Held in Washington, DC, this year’s National Association of Medicaid Directors Annual Conference was attended by more than 1,200 individuals, including state Medicaid agency staff, Medicaid Managed Care Organizations, advocates and vendors, as well as the 56 state and territorial Medicaid directors from across the country. The conference is an important forum for discussing current and emerging trends in Medicaid. UnitedHealthcare Community & State regularly attends and helps support this event because of the importance of the partnerships with our state Medicaid agencies.
The conference opened with keynote speaker Seema Verma, Administrator for the Centers for Medicare and Medicaid Services (CMS). Administrator Verma touched on a number of current areas of importance for the Medicaid system including consumer engagement, value-based purchasing, social determinants of health, and the aging of the population. Many of her comments focused on balancing state flexibility and autonomy with the need for accountability to improve outcomes and results for the Medicaid population. She closed her speech with an announcement of the release of a new proposed rule on fiscal integrity focused on state supplemental payments and Medicaid financing arrangements. To close out the conference, Calder Lynch, Acting Deputy Administrator and Acting Director, Center for Medicaid and CHIP Services at CMS, spoke about the vision provided additional details about this proposed rule in his remarks at the closing plenary.
In addition to these speakers, the conference included many breakout sessions that highlighted state Medicaid leadership and innovation in action. Topics ranged from social determinants of health and housing to value-based purchasing and better serving the intellectual and developmentally disabled population. Each informative session included at least one or two examples of how individual state Medicaid agencies are addressing these important issues. As a result, attendees had the opportunity to learn a lot about how states are innovating to serve their Medicaid population. I feel like these discussions highlighted how unique each Medicaid program is, and yet how there are still many areas of commonality when it comes to the needs of the Medicaid members we all serve.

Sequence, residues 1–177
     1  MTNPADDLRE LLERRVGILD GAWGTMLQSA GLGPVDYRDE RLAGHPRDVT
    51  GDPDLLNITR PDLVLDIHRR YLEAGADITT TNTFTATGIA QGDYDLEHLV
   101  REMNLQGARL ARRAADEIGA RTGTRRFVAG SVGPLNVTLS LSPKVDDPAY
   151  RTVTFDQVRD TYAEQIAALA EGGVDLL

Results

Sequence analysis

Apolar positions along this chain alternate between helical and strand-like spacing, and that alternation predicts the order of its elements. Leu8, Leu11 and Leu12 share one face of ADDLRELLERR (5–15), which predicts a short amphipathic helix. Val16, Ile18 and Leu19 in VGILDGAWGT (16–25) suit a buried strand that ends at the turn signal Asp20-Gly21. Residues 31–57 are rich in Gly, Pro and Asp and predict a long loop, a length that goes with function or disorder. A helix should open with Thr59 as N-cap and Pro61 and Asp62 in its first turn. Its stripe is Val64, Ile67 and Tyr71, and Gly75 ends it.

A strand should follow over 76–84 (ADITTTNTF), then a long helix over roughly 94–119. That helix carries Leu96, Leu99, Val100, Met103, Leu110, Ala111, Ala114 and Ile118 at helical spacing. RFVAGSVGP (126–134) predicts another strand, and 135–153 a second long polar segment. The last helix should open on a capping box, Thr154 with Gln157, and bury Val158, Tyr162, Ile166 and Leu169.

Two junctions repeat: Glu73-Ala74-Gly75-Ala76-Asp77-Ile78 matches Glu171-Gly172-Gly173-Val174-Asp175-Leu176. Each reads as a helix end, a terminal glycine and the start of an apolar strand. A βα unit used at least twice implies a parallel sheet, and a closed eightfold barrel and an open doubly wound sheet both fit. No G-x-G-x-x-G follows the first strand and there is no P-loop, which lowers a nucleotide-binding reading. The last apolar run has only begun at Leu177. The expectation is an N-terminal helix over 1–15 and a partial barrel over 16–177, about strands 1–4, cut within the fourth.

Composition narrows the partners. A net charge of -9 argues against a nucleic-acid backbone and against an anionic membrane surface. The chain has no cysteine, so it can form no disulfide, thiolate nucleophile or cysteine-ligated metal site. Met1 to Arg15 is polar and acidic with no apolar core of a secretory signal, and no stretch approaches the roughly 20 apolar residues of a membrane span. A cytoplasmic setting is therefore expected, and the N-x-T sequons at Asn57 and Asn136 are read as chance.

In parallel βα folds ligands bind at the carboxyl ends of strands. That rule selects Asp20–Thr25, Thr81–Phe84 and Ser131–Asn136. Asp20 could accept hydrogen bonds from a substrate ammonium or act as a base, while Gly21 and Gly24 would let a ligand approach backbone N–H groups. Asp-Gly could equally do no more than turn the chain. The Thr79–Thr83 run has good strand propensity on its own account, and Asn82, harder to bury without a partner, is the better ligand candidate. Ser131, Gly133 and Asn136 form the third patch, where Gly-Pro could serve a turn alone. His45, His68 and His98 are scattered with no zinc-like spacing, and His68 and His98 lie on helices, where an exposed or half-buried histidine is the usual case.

If there was one overarching theme from the conference that I took away, it was the importance of partnerships and collaboration. In some instances, the word “partnership” was used explicitly in the title of the breakout session and the speakers focused on examples of relationships and collaborations in their state Medicaid systems. In others, it was a noted critical component raised organically by speakers in how they were trying to, and in some instances successfully, addressing whatever topic was the focus of the session (transportation, maternal health, opioids, etc.). It was well acknowledged that it takes partnerships between federal and state governments, health plans, providers, community-based organizations, and consumers to ensure the successful outcomes we all want to see in the Medicaid system. At UnitedHealthcare, we believe that partnerships are critical to changing how health care is delivered and we are regularly collaborate with community-based organizations to ensure our members receive the care they need.
Medicaid is critically important to more than 70 million Americans. Low-income individuals and families rely on the various systems, sectors, and people who were part of the National Association of Medicaid Directors conference this month for their health care. I am hopeful that the conversations started at this event will continue and that the partnerships needed to provide Medicaid members with the care they need develop from them.
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